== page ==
Injectable hydrogels for biomedical uses
Gel-like materials that can be injected into the body hold great potential to heal injured tissues or manufacture entirely new tissues. Many researchers are working to develop these hydrogels for biomedical uses, but so far very few have made it into the clinic.
To help guide in the development of such materials, which are made from microscale building blocks akin to squishy LEGOs, a team of researchers has now created 1 a set of computational models to predict the material’s structure, mechanical properties, and functional performance outcomes. The researchers hope that their new framework could make it easier to design materials that can be injected for different types of applications, which until now has been mainly a trial-and-error process.
When individual hydrogel blocks are densely compacted together, they form a gel-like material known as a granular matrix. These materials can act as a solid or a liquid, depending on the conditions, which makes them good candidates for applications such as 3D-bioprinting engineered tissues. Once injected or implanted into the body, they could release drugs or help to regenerate injured tissue.
Figuring out how to get these materials to be reliably injectable turned out to be a difficult task that required a lot of trial-and-error experimentation, by changing different features of the gels in hopes of optimizing their structure and mechanical behaviour for injectability. To create their design framework, the researchers broke the assembly process down into several stages. They modelled each of these stages separately, using data from their own experiments, which were done under a variety of different conditions.
In the first stage, the model analysed how bioblock properties are affected by the starting material of the blocks and how they are assembled. In the second stage, the bioblocks are packed together to form structures called “granular hydrogels.” Through their modelling, the researchers identified several factors that influence the injectability of the final gel, including the size and stiffness of the bioblocks, the viscosity of the interstitial fluid between the blocks, and the dimensions of the needle and syringe used to inject the gel.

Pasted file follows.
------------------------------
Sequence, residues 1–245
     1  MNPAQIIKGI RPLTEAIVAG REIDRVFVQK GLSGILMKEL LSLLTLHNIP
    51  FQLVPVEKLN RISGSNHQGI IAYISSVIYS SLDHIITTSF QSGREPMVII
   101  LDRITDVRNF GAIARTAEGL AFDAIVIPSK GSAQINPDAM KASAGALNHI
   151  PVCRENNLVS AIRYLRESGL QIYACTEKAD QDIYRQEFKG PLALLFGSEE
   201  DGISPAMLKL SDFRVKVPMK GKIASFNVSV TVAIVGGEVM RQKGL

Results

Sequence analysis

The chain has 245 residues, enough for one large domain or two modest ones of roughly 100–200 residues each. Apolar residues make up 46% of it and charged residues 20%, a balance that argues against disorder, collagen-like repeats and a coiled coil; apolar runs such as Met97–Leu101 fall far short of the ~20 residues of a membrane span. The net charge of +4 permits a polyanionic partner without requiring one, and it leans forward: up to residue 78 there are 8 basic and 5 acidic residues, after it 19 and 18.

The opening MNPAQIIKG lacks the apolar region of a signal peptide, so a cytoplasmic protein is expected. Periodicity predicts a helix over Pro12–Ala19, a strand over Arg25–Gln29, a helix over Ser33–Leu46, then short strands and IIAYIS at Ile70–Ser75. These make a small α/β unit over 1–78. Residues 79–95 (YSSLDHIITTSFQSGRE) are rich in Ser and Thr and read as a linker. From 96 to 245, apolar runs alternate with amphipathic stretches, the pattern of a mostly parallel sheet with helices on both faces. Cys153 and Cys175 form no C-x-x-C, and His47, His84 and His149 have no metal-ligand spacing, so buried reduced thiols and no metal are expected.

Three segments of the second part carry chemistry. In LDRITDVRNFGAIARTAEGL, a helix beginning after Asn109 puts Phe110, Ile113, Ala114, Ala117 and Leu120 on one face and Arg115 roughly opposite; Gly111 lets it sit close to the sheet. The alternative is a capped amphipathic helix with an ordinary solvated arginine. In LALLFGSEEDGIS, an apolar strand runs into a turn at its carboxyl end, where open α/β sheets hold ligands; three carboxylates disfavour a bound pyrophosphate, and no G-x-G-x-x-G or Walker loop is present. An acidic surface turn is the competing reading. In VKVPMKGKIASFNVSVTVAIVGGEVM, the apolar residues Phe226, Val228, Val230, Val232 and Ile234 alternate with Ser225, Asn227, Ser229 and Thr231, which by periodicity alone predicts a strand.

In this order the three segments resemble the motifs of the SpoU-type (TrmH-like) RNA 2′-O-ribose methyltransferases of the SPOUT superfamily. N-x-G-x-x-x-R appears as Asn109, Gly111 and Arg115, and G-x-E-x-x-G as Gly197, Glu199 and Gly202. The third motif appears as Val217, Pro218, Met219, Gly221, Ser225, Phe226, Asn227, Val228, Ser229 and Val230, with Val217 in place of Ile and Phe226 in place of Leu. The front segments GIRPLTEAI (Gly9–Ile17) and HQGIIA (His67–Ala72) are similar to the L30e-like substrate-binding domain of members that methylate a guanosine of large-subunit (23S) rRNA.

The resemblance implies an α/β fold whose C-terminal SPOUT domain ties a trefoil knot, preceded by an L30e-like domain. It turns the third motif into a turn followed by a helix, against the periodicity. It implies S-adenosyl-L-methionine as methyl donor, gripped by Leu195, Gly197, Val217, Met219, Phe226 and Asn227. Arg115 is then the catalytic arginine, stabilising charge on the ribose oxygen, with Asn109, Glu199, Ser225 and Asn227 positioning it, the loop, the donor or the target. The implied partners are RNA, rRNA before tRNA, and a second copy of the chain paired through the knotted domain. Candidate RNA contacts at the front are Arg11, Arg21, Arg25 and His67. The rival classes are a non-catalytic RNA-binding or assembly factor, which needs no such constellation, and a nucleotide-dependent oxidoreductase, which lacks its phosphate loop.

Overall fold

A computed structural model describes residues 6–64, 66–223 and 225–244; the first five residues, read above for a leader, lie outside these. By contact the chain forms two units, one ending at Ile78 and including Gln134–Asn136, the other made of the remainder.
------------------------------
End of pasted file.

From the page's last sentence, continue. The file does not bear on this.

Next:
Now that the process has been modelled from start to finish, the researchers can use their model to predict the best way to create a material with the traits they need for a particular application, instead of going through an extensive trial-and-error process for each new material. Using this modelling approach, one can try to develop materials that could be used for medical applications such as repairing heart defects or delivering drugs to the gastrointestinal tract.
The researchers have also made their models and the data they used to generate them available online for other labs to use.
- Connor A. Verheyen, Sebastien G.M. Uzel, Armand Kurum, Ellen T. Roche, Jennifer A. Lewis (2023) Integrated data-driven modeling and experimental optimization of granular hydrogel matrices Matter doi: 10.1016/j.matt.2023.01.011 ↩